V-D delivers vital Ebola equipment to Sierra Leone

Volga-Dnepr Airlines has completed its latest flight in support of the global relief effort to counter the outbreak of the Ebola disease by transporting medical equipment from Oslo to Freetown, Sierra Leone, on behalf of the Norwegian Red Cross.


V-D delivers vital Ebola equipment to Sierra Leone


Volga-Dnepr Airlines has completed its latest flight in support of the global relief effort to counter the outbreak of the Ebola disease by transporting medical equipment from Oslo to Freetown, Sierra Leone, on behalf of the Norwegian Red Cross.

 

The flight needed to be operated at short notice to deliver urgently needed equipment for a new Ebola Treatment Centre being set up in a remote region 350km from Freetown. Within 72 hours of the flight leaving Norway, the Norwegian Red Cross confirmed that the cargo had reached its final destination and was ready to provide much-needed assistance to combat the disease, which has already claimed some 8,000 lives in West Africa.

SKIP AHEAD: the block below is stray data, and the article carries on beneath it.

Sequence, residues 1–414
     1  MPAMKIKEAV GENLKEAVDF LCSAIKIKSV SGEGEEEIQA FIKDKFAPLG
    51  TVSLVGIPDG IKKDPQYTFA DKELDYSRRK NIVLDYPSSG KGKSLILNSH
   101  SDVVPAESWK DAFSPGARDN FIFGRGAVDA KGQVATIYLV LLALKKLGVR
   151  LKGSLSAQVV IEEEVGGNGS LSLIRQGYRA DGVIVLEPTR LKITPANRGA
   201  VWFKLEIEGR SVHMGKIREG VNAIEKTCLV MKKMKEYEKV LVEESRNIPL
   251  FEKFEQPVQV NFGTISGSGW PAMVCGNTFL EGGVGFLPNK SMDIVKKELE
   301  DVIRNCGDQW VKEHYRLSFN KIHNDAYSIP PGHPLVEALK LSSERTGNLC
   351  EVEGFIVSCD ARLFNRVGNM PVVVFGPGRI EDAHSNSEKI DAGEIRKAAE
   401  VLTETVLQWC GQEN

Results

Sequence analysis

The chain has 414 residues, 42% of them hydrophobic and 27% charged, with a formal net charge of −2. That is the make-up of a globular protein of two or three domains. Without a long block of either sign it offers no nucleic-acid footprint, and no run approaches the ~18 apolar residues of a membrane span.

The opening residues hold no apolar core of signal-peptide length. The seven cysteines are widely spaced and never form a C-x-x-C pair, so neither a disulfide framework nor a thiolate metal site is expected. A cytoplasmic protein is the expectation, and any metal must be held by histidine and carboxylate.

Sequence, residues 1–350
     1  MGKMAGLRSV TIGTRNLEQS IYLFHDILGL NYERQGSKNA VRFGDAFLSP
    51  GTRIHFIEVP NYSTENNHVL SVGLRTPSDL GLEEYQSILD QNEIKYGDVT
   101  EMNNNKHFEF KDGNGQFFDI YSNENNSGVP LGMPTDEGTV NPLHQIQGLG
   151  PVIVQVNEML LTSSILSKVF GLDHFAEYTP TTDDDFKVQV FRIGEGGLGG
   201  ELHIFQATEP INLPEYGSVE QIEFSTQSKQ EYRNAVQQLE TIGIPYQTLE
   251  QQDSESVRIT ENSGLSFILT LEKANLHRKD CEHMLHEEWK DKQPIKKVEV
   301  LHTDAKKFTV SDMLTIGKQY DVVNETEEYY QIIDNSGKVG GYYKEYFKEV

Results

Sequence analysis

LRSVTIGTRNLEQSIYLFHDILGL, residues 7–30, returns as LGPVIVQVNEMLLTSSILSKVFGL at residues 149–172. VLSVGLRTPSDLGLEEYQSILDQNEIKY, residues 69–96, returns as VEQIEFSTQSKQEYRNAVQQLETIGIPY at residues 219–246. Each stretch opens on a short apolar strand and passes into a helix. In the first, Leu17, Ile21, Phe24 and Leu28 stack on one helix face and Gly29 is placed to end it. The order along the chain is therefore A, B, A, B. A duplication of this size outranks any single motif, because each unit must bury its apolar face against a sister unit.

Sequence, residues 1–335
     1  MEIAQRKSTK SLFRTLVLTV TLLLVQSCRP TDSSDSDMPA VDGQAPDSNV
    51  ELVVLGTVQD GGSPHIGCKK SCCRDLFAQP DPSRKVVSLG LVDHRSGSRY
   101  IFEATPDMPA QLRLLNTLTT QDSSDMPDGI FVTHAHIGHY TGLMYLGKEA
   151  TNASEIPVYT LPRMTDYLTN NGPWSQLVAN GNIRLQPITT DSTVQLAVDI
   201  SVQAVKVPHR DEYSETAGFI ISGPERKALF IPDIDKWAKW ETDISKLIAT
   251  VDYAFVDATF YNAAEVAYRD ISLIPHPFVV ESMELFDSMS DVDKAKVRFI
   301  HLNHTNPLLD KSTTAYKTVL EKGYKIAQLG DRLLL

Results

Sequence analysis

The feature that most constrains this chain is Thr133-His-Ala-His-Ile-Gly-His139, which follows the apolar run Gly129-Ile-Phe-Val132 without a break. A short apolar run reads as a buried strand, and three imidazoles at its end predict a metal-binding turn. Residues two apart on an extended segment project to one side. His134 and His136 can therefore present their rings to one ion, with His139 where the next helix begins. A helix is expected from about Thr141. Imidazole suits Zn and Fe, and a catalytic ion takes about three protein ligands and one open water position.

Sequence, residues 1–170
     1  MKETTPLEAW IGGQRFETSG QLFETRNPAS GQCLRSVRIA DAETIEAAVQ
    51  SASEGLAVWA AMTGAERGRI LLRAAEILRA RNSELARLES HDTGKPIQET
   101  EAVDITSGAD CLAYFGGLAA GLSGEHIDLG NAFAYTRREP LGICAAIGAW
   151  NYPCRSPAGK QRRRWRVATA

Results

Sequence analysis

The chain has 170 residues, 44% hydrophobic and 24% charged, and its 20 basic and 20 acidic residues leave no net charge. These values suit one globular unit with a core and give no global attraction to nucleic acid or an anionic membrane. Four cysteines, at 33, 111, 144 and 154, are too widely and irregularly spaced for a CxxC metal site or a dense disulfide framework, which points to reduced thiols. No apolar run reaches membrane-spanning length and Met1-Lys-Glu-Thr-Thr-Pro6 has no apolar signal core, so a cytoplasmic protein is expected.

Volga-Dnepr’s load planning team was able to maximise the payload of the IL-76-TD-90VD flight within the constraints set by the airline’s flight safety department for operations to the region. It completed its first flight to help with the international response to the Ebola outbreak in October when one of its An-124-100 freighters carried three multi-purpose Mi-8 helicopters from Moscow to Sierra Leone for the United Nations (UN) emergency health mission.

 

More recently, another An-124-100 freighter has operated to five cities in Congo, Ghana, Mali, Guinea-Bissau and Ivory Coast to deliver more urgent equipment. The flights to Kinshasa, Accra, Bamako, Bissau and Abidjan carried five 20-tonne containers, part of the Chinese government’s programme to help countries in West Africa affected by the virus. The An-124 operated from Tianjin, China. The cargo included single-use protective suits, respirators, glasses, boot covers and other equipment used as part of the anti-epidemic measures being taken by healthcare workers operating in the worst affected areas.